Trypanosoma cruzi, the causative agent of Chagas disease, displays significant genetic variability revealed by six Discrete Typing Units (TcI-TcVI). In this pathology, oral transmission represents an emerging epidemiological scenario where different outbreaks associated to food/beverages consumption have been reported in Argentina, Bolivia, Brazil, Ecuador and Venezuela. In Colombia, six human oral outbreaks have been reported corroborating the importance of this transmission route. Molecular epidemiology of oral outbreaks is barely known observing the incrimination of TcI, TcII, TcIV and TcV genotypes.
Methodology and Principal Findings
High-throughput molecular characterization was conducted performing MLMT (Multilocus Microsatellite Typing) and mtMLST (mitochondrial Multilocus Sequence Typing) strategies on 50 clones from ten isolates. Results allowed observing the occurrence of TcI, TcIV and mixed infection of distinct TcI genotypes. Thus, a majority of specific mitochondrial haplotypes and allelic multilocus genotypes associated to the sylvatic cycle of transmission were detected in the dataset with the foreseen presence of mitochondrial haplotypes and allelic multilocus genotypes associated to the domestic cycle of transmission.
These findings suggest the incrimination of sylvatic genotypes in the oral outbreaks occurred in Colombia. We observed patterns of super-infection and/or co-infection with a tailored association with the severe forms of myocarditis in the acute phase of the disease. The transmission dynamics of this infection route based on molecular epidemiology evidence was unraveled and the clinical and biological implications are discussed.
Chagas disease represents a serious health problem affecting more than 10 million people in the Americas. The oral transmission route has emerged as a new epidemiological scenario that needs to be considered in prevention and control strategies. Herein was developed a high-resolution molecular characterization using mtMLST and MLMT tools in order to unravel the molecular epidemiology and transmission dynamics drivers in six well-characterized human oral outbreaks in Colombia. We observed the majority of clones typed as TcI and one clone as TcIV. The analysis of mitochondrial haplotypes allowed us to observe a high frequency of sylvatic haplotypes and a low proportion of domestic haplotypes. Likewise, a tailored allelic profile by each outbreak was observed. Our results suggest that sylvatic populations of T. cruzi are the causative agents of Chagas disease oral outbreaks and these findings should help to pursue new initiatives of control and prevention in those areas where domiciliated vectorial transmission has been interrupted.
Citation: Ramírez JD, Montilla M, Cucunubá ZM, Floréz AC, Zambrano P, Guhl F (2013) Molecular Epidemiology of Human Oral Chagas Disease Outbreaks in Colombia. PLoS Negl Trop Dis 7(2): e2041. doi:10.1371/journal.pntd.0002041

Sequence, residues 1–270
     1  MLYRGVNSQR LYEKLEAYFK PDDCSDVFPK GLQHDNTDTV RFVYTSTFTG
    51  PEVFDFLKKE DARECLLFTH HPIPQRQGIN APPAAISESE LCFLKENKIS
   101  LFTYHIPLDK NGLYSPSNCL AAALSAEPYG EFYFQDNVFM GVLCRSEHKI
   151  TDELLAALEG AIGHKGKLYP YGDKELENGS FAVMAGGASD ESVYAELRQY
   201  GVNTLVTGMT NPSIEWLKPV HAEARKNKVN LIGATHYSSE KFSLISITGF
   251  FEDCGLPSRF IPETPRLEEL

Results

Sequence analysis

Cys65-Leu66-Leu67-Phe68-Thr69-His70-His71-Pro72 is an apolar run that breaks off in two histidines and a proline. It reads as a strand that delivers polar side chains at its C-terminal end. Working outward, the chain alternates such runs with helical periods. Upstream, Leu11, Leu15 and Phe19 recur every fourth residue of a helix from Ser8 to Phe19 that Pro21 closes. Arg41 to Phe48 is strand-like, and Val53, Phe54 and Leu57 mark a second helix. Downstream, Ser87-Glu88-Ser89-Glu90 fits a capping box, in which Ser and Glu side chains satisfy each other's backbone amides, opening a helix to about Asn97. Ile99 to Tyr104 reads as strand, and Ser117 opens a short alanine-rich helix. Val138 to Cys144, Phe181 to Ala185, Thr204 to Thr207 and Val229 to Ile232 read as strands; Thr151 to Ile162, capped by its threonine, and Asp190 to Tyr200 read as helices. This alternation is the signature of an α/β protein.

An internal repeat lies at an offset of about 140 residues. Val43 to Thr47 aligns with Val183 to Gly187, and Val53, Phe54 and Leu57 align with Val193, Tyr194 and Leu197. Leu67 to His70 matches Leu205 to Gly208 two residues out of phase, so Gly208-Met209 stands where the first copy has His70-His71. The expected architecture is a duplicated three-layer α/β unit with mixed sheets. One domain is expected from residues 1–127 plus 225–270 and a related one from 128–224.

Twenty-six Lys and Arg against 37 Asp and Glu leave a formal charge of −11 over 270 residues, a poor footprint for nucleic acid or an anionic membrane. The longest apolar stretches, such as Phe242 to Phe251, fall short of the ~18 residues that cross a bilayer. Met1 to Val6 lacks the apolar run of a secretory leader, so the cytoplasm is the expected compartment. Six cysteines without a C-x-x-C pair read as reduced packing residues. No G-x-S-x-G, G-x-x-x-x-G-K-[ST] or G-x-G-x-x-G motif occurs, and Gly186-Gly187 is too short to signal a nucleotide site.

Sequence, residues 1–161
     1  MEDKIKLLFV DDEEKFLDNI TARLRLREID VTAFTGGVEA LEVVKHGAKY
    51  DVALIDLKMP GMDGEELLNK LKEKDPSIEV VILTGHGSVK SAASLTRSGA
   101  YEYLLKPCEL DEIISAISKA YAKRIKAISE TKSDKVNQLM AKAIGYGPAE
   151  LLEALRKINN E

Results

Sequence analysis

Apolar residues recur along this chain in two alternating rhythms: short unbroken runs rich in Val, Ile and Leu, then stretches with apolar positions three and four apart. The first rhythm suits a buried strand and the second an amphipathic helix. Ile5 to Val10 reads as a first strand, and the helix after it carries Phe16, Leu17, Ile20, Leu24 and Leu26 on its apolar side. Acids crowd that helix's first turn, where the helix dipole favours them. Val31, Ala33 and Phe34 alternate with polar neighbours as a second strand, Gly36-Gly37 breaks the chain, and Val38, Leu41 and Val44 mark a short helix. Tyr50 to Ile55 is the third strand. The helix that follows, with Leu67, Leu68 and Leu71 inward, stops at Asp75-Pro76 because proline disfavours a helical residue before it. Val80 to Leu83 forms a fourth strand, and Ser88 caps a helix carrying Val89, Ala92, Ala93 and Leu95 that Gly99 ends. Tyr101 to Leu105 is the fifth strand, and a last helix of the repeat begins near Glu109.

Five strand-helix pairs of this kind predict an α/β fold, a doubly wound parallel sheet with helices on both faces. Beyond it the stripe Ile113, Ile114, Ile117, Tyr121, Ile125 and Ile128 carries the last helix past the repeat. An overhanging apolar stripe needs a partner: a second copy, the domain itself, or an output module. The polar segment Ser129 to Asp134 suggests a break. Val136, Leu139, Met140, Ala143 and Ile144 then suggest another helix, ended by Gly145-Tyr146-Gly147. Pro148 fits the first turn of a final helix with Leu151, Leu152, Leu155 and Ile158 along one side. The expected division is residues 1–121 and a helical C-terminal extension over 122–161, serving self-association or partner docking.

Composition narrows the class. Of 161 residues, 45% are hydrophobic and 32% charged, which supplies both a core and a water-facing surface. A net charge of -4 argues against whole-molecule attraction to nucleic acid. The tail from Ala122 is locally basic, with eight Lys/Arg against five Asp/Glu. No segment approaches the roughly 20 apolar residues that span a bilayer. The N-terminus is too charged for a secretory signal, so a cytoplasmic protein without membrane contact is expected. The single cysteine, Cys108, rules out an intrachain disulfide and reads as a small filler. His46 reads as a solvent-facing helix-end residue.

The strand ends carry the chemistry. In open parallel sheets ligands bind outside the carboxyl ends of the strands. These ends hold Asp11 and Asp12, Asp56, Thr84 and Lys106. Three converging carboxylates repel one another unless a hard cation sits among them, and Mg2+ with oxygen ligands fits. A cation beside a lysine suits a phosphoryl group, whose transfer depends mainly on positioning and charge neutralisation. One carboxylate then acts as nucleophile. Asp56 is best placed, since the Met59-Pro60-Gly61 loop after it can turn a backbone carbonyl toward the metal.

Editor: Ricardo E. Gürtler, Universidad de Buenos Aires, Argentina
Received: August 17, 2012; Accepted: December 14, 2012; Published: February 21, 2013
Copyright: © 2013 Ramírez et al. This is an open-access article distributed under the terms of the Creative Commons Attribution License, which permits unrestricted use, distribution, and reproduction in any medium, provided the original author and source are credited.
Funding: Financial support was provided by the Project Chagas EpiNet from The European Union Seventh Framework Programme, contract no. 223034. The funders had no role in study design, data collection and analysis, decision to publish, or preparation of the manuscript.
Competing interests: The authors have declared that no competing interests exist.
Chagas disease caused by Trypanosoma cruzi is considered a zoonotic and neglected disease that represents an important public health problem in the Americas. This parasite is mainly transmitted by the faeces of triatomine insects and shows tremendous genetic variability reflected in at least six Discrete Typing Units (DTU's) classified as T. cruzi I – T. cruzi VI , . Some authors have demonstrated intraspecific genetic diversity within T. cruzi I suggesting the existence of genotypes associated to the domestic (TcIa), peridomestic (TcIb) and sylvatic (TcId) transmission cycles . Other routes of disease transmission, such as blood transfusion, vertical transmission, organ transplantation and accidental laboratory contamination are considered relevant routes . Trypanosoma cruzi transmission by vertical vias and by transfusion of contaminated blood products has become the main mechanisms of transmission in non-endemic countries, including the USA and Spain , . Currently, it is estimated that 7,694,500 people are infected with this parasite in South, Central American countries and Mexico where control initiatives are being conducted to interrupt T. cruzi transmission by triatomines and the transfusion of blood products .